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Proceedings of the First Symposium on Marsupials in New Zealand

Topic 3: General Housing & Husbandry Of Captive Marsupials

page 246

Topic 3: General Housing & Husbandry Of Captive Marsupials

CUMMINS. Marsupials and especially possums are going to be used more and more as laboratory animals in New Zealand. Do we have any idea on suitable housing methods, especially if we want to breed the animals. Is there any magic formula for keeping possums happy in a cage?

FITZGERALD. Not that I am aware of. At DSIR, Taita, we have been known to stock our small outside animal house with as many as 16 or 17 possums which would seem to be overcrowded; they certainly scrap a bit but we do get successful breeding. I find we can get animals through to the large pouch-young or back-young stage; then we start to get the young dying because they are not in a position where they have very ready access to the food.

CUMMINS. What sort of diet are you maintaining your animals on?

FITZGERALD. We try to keep it fairly mixed. We use a basic SG1 commercial pelleted diet and we supplement this with bread, apples, leaves, household scraps but no bones.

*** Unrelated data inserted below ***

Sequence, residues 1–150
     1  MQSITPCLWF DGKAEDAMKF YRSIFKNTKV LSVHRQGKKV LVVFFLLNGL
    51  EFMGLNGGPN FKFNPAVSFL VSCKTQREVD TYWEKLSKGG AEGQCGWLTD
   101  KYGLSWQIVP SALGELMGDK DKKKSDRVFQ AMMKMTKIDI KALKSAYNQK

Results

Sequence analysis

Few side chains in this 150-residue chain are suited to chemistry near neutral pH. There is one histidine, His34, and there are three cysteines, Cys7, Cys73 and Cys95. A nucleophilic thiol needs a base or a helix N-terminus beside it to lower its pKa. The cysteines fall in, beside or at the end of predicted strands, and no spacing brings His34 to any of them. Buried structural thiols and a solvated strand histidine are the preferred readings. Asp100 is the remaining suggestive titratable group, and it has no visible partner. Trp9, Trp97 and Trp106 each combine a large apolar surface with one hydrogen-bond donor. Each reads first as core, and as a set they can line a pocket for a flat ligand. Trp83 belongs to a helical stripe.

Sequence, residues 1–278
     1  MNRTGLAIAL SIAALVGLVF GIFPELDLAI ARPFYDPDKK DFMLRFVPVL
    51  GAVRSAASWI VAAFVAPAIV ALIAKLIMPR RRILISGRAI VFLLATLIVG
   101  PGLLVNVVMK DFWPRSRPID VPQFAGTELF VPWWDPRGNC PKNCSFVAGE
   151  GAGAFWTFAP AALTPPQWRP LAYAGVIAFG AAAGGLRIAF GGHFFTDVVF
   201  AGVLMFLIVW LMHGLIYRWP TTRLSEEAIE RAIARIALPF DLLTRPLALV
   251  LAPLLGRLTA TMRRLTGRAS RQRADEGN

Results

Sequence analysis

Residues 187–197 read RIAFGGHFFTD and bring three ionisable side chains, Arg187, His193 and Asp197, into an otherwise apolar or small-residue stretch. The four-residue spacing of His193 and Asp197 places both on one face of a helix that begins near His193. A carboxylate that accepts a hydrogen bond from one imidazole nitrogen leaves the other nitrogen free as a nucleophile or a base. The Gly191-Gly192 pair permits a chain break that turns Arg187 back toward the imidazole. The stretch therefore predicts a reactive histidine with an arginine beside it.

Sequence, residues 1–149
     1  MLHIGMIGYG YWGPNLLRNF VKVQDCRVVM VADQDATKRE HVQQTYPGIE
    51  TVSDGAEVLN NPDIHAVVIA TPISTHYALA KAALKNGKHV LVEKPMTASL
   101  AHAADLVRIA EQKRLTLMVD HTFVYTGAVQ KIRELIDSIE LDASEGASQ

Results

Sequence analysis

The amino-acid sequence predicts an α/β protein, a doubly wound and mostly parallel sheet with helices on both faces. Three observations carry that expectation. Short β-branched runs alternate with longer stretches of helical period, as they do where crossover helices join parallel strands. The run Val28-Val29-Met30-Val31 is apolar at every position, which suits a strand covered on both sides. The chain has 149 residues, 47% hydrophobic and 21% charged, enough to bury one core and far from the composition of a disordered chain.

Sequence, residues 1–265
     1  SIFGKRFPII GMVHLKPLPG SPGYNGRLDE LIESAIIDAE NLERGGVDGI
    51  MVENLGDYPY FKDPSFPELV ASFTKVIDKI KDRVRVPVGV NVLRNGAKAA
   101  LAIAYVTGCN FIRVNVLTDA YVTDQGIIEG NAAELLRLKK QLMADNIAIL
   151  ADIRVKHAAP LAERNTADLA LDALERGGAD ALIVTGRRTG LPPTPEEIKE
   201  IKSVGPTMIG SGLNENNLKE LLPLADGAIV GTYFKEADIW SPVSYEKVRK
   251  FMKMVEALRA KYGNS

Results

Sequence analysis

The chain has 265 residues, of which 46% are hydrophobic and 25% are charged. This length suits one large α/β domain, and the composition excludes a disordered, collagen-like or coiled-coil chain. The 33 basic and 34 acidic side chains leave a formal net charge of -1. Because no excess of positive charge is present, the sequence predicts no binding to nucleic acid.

SPURR. The N.Z. Forest Service at Rangiora had the same problem in losing back-young in captive stock.

MEADOWS. T.J. Bergin, a zoo curator, suggests that marsupials should be in a cage eight times the length of the body (head plus body not tail); the width of the cage should be four times the body length; the height should be about 4 feet (1.2 m). In that sort of situation they seem to be maintained quite happily.

CUMMINS. So for possums that would work out at a length of about 8 ft, (2.4 m), a width of 4 ft (1.2 m) and a height of 4 ft (1.2 m).

MEADOWS. If anybody wants a reference its a refresher course for veterinarian postgraduates held at Sydney last year, no. 29.

PRACY. Is that formula for holding the possums or for reproduction?

page 247

MEADOWS. This is for reproduction. In a colony these are optimum figures. I'm not suggesting they couldn't be held in less.

PRACY. Initially in the Orongorongo Valley over 1947-60 we had trouble with females reproducing under cage conditions. We had pens 16′ × 16′ × 9′ high (4.9 × 4.9 × 2.7 m) with good nest boxes. Initially they had earth floors but this was unhygenic and it was not until we put concrete floors in and kept them well washed that we found an improvement.

ANONYMOUS. At Massey University we kept possums in cages 3′ × 2′ × 2′ (0.9 × 0.6 × 0.6 m) over trays.